The Motley Fool Discussion Boards
Personal Finances / Buying or Selling a Home
|Subject: Re: We have accepted an offer on our home||Date: 7/3/2013 1:26 PM|
|Author: CCinOC||Number: 125717 of 127464|
vkg, this ought to make you feel better as in "it could be worse." Here's a loan challenge I've been working on for two weeks. (Of course, from your vantage point, it looks like nothing's happening on the file.)
After our story broke, and after [syndicated financial columnist Kenneth] Harney inquired about the practice, Fannie Mae Spokeswoman Amy Bonitatibus conceded that its key program, "Desktop Underwriter," had begun scanning credit reports for the term "dispute." But she said Fannie itself wasn't rejecting applications outright. Instead, it was kicking applications back to lenders and requiring them to determine if consumers' disputes were valid.
'Punting' To Creditors
"Fannie Mae's eligibility requirements do not prohibit the delivery of a loan to Fannie Mae where the borrower has disputed information on their credit report. In order to protect borrowers from adverse impacts resulting from inaccurate reporting data, our policy requires the lender to determine and document whether or not the disputed information is accurate and underwrite the borrower's credit accordingly," Bonitatibus said. [...]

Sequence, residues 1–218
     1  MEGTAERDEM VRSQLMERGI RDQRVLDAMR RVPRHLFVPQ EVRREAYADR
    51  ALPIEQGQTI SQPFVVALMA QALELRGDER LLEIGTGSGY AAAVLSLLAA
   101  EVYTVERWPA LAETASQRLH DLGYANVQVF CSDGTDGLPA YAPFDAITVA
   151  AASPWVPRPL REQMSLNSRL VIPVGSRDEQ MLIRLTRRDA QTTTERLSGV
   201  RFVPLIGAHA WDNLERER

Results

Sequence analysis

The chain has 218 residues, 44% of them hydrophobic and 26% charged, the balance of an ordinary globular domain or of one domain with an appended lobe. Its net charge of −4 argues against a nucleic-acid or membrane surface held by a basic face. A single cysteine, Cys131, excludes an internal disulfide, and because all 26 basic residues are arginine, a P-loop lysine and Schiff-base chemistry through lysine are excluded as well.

Fannie actually adopted the policy late last year . But it appears that Fannie's only mention of it came in the October 16, 2008 "Release Notes" for Desktop Underwriter Version 7.1, under the section "Miscellaneous," in which it told lenders:
"The following Verification message will be issued on DU Version 7.1 loan casefiles to remind lenders of this requirement: DU identified the following tradeline(s) as disputed by the borrower and did not include the tradeline(s) in the credit risk assessment. The lender must verify the accuracy of the tradeline(s) by determining if it belongs to the borrower and by confirming the accuracy of the payment history. If the tradeline does not belong to the borrower, or the reported payment history is inaccurate, no further action is necessary. If the tradeline does belong to the borrower and the reported payment history is accurate, it must be taken into consideration in the credit risk assessment. To ensure it is considered, the lender may obtain a new credit report with the tradeline no longer reported as disputed and resubmit the loan casefile to DU, or the lender may manually underwrite the loan."
It would all be humorous if it weren't so pathetic.
|Copyright 1996-2014 trademark and the "Fool" logo is a trademark of The Motley Fool, Inc. Contact Us|